The Torgaine of Ysengarth by Belinda Kelly

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To put this bluntly, my mistress enjoys meddling with people's lives. Somehow, no matter which world we visit or which remote corner we dwell in, people will turn up, "petitioners", desperately begging for the sort of solution that they think only magic can provide. And my mistress, when she can be bothered to rouse herself from her teas, desserts and her black, leather-bound tomes (that I suspect contain pornographic writings and pictures) will resolve the petitioner's request in the way they want it the least.

I observed that the Torgaine was seated at the table, engaged in yet another of her tea sessions (I've given up counting how many of them she has each day), cutting up a cake decorated with orange peel and arranging some porcelain cups. When the door banged open, the Torgaine politely gave the petitioner a gruesome, many-chinned smile.

"I apologise if my servant failed at introductions," the Torgaine said, pointing to a spare chair at the table. "I am the Torgaine of Ysengarth, and that moulting bundle of feathers over there is Phlogiston VI."

The woman nodded, possibly wondering in all the worlds what a Torgaine was or where Ysengarth was. I don't know either, and I've never been motivated to ask.

"I'm Lark," the petitioner said, shyly. "Lark, daughter of Pied and Ingholt." She walked over to the table and sat down, staring at the monstrous slice of overly sweet confectionery that the Torgaine had cut for her. Lark picked at it cautiously. "I'm so glad the tales are true," she started to babble nervously, as though she were chatting with a shopkeeper. "I think it was my grandmother who told me about a sorceress who lived in these parts of the woods, who helped those in need..."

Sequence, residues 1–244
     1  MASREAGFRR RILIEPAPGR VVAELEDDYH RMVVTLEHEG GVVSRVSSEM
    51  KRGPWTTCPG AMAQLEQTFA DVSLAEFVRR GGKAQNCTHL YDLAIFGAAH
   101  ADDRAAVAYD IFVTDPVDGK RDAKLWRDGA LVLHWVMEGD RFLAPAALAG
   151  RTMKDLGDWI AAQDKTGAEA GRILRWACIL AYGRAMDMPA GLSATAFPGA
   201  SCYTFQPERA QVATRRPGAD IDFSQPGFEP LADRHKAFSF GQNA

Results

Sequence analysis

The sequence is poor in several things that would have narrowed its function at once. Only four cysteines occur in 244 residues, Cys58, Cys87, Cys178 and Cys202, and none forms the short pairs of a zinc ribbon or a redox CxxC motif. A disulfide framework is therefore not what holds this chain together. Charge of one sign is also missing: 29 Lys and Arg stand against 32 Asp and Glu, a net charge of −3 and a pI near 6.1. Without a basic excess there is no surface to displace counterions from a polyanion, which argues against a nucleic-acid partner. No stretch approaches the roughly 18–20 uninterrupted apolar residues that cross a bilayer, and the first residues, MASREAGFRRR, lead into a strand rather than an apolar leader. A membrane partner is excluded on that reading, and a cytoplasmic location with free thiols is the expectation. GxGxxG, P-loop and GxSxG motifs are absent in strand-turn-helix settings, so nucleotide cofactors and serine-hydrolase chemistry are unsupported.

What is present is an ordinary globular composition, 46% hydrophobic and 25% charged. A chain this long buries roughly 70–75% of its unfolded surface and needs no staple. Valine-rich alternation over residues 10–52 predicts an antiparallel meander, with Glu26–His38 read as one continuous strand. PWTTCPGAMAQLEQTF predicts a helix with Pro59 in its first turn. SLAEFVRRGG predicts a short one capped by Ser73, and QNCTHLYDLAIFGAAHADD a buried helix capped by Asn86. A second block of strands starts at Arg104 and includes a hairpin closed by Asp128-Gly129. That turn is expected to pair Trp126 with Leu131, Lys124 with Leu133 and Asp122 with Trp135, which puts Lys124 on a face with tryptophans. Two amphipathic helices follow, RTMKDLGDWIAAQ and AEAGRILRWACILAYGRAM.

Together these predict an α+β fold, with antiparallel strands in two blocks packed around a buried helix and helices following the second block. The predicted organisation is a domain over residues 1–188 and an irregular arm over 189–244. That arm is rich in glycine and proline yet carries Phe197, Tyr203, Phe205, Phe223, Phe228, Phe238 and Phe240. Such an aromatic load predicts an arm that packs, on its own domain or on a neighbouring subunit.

"Yes, yes," the Torgaine said abruptly, brushing Lark's comments. (In truth, we had only been here since last week.) "And your problem is...?"

"Oh," Lark said, the look of desperation settling over her face once more. She looked down at the tablecloth and scratched at the embroidery. "I'm engaged to be married," she said. "To Marston Miller, owner of the town mill."

"As one might suspect, judging by his name," the Torgaine said.

"He's a grim and loveless man," Lark went on, ignoring the Torgaine's attempt to be witty. (At least, that's what I think it was.) "He's nearly twice my age. But I'm in love with Pak Hillheart. We've been dear friends since we were children, and he wants nothing more than to marry me too. But the elders - they won't stand for it. They negotiate all the marriages for our town, as if we were fine breeding cows or the like!" Lark crushed up a flower-patterned serviette in her fist.

"And what sort of assets would Pak bring to your household, if you were married?" the Torgaine asked.

Lark looked confused. "He's a shepherd. He looks after the herds for the most important families in the village."

"Does he have a house?" the Torgaine insisted.

"Yes," Lark said. "He's poor but he's got a sweet little house high up in the hills."

The Torgaine drummed her fingers on the table.

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